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You just never know. Why anyone thought The Magnificent Ambersons would have bright box-office prospects is a mystery. Welles, in fact, had not originally intended to make The Magnificent Ambersons his second film—it was a fallback choice. When that project ran aground for a variety of logistical and political reasons, George Schaefer, the RKO studio chief, suggested a less ambitious espionage thriller that he already had in development, Journey into Fear.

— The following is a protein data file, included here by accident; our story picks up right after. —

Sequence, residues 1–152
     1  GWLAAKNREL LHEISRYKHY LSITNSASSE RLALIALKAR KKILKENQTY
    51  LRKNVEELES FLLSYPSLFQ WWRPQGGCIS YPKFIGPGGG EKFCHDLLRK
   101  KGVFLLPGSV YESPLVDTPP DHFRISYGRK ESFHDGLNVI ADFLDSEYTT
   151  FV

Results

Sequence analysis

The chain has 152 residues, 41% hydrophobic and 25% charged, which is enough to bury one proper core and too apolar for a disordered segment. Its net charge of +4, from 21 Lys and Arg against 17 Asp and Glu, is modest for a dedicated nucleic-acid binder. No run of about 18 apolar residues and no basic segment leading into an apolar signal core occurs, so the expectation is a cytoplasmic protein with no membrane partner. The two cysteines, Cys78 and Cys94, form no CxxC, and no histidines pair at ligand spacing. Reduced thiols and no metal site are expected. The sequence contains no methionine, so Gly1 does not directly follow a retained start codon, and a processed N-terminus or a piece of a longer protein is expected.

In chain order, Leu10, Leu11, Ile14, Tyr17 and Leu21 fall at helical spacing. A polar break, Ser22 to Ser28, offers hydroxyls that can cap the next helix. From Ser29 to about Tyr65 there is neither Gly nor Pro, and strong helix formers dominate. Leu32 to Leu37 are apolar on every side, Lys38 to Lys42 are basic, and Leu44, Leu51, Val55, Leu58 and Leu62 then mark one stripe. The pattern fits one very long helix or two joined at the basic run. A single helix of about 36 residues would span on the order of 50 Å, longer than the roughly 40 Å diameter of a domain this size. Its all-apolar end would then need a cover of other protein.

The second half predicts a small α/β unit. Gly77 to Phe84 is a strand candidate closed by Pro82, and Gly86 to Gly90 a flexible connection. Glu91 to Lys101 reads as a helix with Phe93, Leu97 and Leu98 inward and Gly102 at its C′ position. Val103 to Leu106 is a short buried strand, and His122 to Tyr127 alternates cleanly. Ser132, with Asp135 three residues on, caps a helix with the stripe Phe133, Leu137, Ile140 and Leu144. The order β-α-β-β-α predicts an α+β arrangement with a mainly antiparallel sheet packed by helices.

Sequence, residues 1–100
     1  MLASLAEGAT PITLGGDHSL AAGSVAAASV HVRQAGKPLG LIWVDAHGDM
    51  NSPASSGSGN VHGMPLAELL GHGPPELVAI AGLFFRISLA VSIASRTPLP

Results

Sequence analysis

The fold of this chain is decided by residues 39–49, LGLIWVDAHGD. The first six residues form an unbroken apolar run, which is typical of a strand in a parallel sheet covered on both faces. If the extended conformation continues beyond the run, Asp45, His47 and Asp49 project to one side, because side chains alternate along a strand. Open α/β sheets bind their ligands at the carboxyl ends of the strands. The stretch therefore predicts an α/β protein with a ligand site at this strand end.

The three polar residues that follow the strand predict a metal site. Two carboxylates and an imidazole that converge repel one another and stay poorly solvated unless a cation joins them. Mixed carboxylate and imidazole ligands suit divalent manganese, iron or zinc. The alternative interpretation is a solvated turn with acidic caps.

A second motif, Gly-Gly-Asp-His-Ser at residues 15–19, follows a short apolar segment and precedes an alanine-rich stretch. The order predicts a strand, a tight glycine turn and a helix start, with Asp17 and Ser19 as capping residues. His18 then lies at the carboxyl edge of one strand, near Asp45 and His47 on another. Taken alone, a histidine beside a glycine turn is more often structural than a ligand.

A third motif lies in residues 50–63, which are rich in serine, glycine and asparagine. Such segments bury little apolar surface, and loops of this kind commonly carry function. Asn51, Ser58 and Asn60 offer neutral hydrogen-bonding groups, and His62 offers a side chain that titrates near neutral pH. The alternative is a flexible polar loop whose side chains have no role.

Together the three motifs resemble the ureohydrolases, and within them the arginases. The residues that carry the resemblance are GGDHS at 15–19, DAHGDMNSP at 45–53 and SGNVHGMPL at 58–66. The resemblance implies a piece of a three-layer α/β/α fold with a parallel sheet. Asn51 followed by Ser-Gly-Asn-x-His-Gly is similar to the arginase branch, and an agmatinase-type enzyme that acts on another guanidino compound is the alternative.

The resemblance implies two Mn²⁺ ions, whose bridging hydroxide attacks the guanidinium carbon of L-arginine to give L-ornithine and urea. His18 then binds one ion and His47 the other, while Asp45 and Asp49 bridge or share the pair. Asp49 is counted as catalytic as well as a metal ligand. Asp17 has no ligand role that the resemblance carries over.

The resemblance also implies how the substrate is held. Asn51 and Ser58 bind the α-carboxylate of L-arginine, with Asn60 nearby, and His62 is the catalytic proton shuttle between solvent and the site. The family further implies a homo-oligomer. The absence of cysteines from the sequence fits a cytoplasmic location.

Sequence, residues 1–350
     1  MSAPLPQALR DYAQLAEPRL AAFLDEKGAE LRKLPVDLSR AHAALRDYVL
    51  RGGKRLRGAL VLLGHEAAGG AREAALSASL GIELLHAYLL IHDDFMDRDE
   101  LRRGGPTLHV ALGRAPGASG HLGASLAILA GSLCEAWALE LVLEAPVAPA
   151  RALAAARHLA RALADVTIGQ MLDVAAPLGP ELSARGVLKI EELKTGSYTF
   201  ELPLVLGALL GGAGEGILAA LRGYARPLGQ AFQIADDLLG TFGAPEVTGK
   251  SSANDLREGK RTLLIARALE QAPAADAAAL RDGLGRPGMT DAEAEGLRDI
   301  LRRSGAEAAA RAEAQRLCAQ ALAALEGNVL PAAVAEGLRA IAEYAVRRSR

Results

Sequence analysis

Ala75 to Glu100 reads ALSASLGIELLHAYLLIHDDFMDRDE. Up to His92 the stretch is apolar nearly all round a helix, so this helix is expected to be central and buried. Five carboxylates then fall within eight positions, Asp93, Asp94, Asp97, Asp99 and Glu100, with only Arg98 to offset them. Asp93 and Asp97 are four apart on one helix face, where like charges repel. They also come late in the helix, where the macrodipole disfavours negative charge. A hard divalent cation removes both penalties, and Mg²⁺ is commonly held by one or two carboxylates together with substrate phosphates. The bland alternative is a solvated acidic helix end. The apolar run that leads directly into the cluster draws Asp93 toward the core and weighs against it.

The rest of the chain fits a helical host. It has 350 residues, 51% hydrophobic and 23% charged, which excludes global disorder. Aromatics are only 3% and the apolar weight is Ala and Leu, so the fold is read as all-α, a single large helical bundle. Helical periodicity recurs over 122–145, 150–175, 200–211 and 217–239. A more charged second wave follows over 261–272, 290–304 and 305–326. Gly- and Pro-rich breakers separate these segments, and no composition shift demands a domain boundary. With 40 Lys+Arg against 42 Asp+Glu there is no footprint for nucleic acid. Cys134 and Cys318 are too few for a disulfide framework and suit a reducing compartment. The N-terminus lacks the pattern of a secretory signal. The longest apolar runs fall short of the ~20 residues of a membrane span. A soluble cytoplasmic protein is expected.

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Welles agreed to this idea, but not for his next film— Journey into Fear was a basic genre picture, an insufficiently grand successor to Kane, and something more dazzling and far-reaching would have to come between the two films. It was a terrific production which, if you can somehow get your hands on a laser-disc player, you can hear on the special edition of The Magnificent Ambersons released by Voyager , and precisely the kind of low-budget masterstroke that led Schaefer to believe that this East Coast theater and radio prodigy was worth signing to a two-picture deal. Welles had been just 22 when he, with John Houseman, founded the Mercury Theatre in When Kane was up for all these Academy Awards—in those days they were done on the radio, out of the Biltmore Hotel downtown—every time there was an announcement of the nominees for a category, when it was Citizen Kane , there would be boos from the [industry] audience.